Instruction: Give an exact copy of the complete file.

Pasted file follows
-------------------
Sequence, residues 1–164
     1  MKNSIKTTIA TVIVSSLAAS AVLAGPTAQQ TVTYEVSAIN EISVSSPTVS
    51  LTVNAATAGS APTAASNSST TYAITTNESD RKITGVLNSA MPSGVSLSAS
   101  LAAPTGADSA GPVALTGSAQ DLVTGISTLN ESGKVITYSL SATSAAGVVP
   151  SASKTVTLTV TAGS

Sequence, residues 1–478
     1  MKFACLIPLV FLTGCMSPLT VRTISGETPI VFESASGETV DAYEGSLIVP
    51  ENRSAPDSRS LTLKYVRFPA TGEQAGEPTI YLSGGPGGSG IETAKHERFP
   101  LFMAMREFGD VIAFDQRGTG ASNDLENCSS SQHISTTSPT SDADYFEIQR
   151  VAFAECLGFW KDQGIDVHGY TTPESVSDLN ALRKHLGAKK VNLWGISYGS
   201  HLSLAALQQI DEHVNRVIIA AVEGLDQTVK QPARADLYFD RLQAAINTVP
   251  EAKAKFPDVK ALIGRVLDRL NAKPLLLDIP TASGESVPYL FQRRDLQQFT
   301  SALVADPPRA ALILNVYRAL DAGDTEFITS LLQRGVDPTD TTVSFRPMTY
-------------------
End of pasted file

Sequence, residues 1–164
     1  MKNSIKTTIA TVIVSSLAAS AVLAGPTAQQ TVTYEVSAIN EISVSSPTVS
    51  LTVNAATAGS APTAASNSST TYAITTNESD RKITGVLNSA MPSGVSLSAS
   101  LAAPTGADSA GPVALTGSAQ DLVTGISTLN ESGKVITYSL SATSAAGVVP
   151  SASKTVTLTV TAGS

Sequence, residues 1–478
     1  MKFACLIPLV FLTGCMSPLT VRTISGETPI VFESASGETV DAYEGSLIVP
    51  ENRSAPDSRS LTLKYVRFPA TGEQAGEPTI YLSGGPGGSG IETAKHERFP
   101  LFMAMREFGD VIAFDQRGTG ASNDLENCSS SQHISTTSPT SDADYFEIQR
   151  VAFAECLGFW KDQGIDVHGY TTPESVSDLN ALRKHLGAKK VNLWGISYGS
   201  HLSLAALQQI DEHVNRVIIA AVEGLDQTVK QPARADLYFD RLQAAINTVP
   251  EAKAKFPDVK ALIGRVLDRL NAKPLLLDIP TASGESVPYL FQRRDLQQFT
   301  SALVADPPRA ALILNVYRAL DAGDTEFITS LLQRGVDPTD TTVSFRPMTY